A model of the 'Michael' at Ocean Terminal, Leith
|Launched:||12 October 1511|
|Completed:||18 February 1512|
|Type:||Carrack or great ship|
|Length:||73.2 m (240 ft)|
|Beam:||11 m (36 ft)|
|Complement:||1,420: 300 sailors, 120 gunners & 1000 marines|
|Armament:||Broadside: 24 × guns
3 × basilisk (1 forward, 2 aft)
30 × smaller guns (later 36 main guns)
Michael (popularly known as Great Michael) was a carrack or great ship of the Royal Scottish Navy. She was too large to be built at any existing Scottish dockyard, so was built at the new dock at Newhaven, constructed in 1504 by order of King James IV of Scotland. She was ordered around 1505 and laid down in 1507 under the direction of Captain Sir Andrew Wood of Largo and the master shipwright Jacques Terrell, launched on 12 October 1511 and completed on 18 February 1512. When Michael was launched in 1511 she was the largest ship afloat, with twice the original displacement of her English contemporary Mary Rose which was launched in 1509 and completed in 1510.
Beildaris of barkis and ballingaris,
Masounis lyand upon the land
And schipwrichtis hewand upone the strand.—William Dunbar, "To the King [Schir, ye have mony servitouris]"
Builders of barks and ballingars,
Masons lying upon the land,
And shipwrights hewing upon the strand.
The chronicler Lindsay of Pitscottie wrote of the building of Michael that "all the woods of Fife" went into her construction (it has been suggested[by whom?] that by this period there was not much forest left in Fife). Account books further add that timbers were purchased from other parts of Scotland as well as from France and the Baltic Sea. Supposedly, there were many cargo loads of timber imported from Norway that were used in Michael's construction. Lindsay gives her dimensions as 240 feet (73 m) long and 35 ft (11 m) in beam. Russell (1922) notes that Michael was supposed to have been built with oak walls 10 ft (3.0 m) thick. She displaced about 1,000 tons, had four masts, carried 24 guns (purchased from Flanders) on the broadside, 1 basilisk forward and 2 aft and 30 smaller guns (later increased to 36 main guns), and had a crew of 300 sailors, 120 gunners, and up to 1,000 soldiers.
Michael's other curious claim to fame is that she is said[by whom?] to have carried among her armament Mons Meg, the great cannon used earlier in the siege of Threave Castle, which had a calibre of 22 inches (560 mm) and thus made her the warship with the largest calibre gun in history, even when the 20th century 40 cm/45 Type 94 naval guns of the World War II-era Japanese battleship Yamato and her sister ship, the Musashi, are considered.
Henry VIII of England was unwilling to be outdone, and ordered the building of the 1000-ton Henri Grâce à Dieu, launched in roughly 1512, later known as Great Harry. These ships were the first great ships, the precursors of the later ship of the line.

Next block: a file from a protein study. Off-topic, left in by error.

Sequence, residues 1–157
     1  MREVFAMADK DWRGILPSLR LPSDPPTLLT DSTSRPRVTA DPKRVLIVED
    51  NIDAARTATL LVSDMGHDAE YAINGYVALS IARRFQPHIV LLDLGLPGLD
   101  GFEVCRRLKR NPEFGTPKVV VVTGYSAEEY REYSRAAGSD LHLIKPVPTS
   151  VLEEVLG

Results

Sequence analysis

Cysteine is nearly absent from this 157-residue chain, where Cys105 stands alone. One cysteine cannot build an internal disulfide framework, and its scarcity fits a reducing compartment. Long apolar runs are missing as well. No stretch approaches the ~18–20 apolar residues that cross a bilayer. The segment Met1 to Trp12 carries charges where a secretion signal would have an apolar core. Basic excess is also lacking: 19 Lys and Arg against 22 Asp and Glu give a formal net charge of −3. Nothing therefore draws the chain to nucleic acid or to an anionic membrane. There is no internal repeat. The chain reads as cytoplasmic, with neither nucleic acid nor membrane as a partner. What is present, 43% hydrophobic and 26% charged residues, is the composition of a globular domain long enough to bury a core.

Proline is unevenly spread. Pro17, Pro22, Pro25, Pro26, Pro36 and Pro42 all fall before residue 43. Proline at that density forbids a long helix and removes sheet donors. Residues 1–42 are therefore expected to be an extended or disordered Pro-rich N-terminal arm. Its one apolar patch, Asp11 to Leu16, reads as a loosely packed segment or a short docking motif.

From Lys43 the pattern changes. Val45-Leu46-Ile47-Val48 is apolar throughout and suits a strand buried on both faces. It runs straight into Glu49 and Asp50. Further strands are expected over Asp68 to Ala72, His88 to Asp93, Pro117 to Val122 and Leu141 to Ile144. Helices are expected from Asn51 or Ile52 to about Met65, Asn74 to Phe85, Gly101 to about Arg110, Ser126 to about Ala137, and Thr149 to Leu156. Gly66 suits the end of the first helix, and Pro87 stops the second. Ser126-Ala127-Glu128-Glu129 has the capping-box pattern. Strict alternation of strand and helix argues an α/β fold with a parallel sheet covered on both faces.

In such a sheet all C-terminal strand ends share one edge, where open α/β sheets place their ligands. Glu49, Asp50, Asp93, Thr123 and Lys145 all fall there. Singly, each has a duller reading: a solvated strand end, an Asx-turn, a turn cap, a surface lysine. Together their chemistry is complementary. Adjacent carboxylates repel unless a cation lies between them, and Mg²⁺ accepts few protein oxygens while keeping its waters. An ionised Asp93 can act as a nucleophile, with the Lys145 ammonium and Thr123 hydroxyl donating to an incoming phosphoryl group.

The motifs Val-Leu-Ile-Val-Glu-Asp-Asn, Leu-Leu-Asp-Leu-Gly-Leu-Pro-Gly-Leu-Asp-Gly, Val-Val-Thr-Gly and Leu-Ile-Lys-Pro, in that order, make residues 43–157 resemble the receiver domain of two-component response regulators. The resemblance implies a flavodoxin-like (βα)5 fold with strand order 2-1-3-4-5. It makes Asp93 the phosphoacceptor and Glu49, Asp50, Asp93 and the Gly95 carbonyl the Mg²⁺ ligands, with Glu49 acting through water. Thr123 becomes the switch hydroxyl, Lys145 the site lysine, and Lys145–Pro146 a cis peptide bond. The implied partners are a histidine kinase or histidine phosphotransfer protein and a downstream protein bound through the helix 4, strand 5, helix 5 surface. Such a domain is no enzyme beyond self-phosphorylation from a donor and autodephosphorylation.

Michael was named after the archangel Michael and built with the intention of leading a crusade against the Ottoman Empire to reclaim Palestine for Christendom. This grandiose plan had to be changed when the commitments of the Auld Alliance with France required Scotland to go to war with England to divert England from her war with Louis XII of France (see the Italian Wars).
In August 1513 a Scottish invasion force was assembled to attack English possessions in France. Commanded by James Hamilton, 1st Earl of Arran, the chief ships were Michael, Margaret and James. Instead of attacking the English, Arran raided Carrickfergus in Ireland and returned with loot before proceeding to France.
A warship of this size was costly to maintain. Michael was hired by France in late August 1513, and after James IV and many of the nobility of Scotland were killed at the Battle of Flodden Field in September 1513, Michael was sold to Louis XII of France on 2 April 1514 for the bargain price of 40,000 livres and was known as "La Grande Nef d'Ecosse" (The Big Nave of Scotland; nave is from the medieval Latin navis, meaning 'ship'). In March 1514 it was reported that Michael was docked at Honfleur because she was too big for the harbour at Dieppe. Most historians have accepted the account of the Scottish historian George Buchanan that after this the French allowed her to rot at Brest. However, one historian, Norman MacDougall, has recently suggested that it is worth investigating the possibility that, under her new French name, she took part in the French attack on England in 1545 that led to the sinking of the English warship Mary Rose in the Battle of the Solent on 19 July 1545.
- Oliver, Neil. A History of Scotland. p. 191. ISBN 978-0-7538-2663-8.
- "46, 'To the King [Schir, ye have mony servitouris]'".
- Brewer, J. S., ed. (1920). "Letters and Papers, Foreign and Domestic, Henry VIII". British History Online. 1: 1509–1514. University of London & History of Parliament Trust. 2693, 3 March 1514.
- Macdougall, Norman (1991). "3 'The Greattest Scheip that ewer Saillit in Ingland or France':James IV's 'Great Michael'". Scotland & War, Ad 79-1918. ISBN 0-85976-248-3.
- Russell, John (1922). "The Story of Leith". Electric Scotland.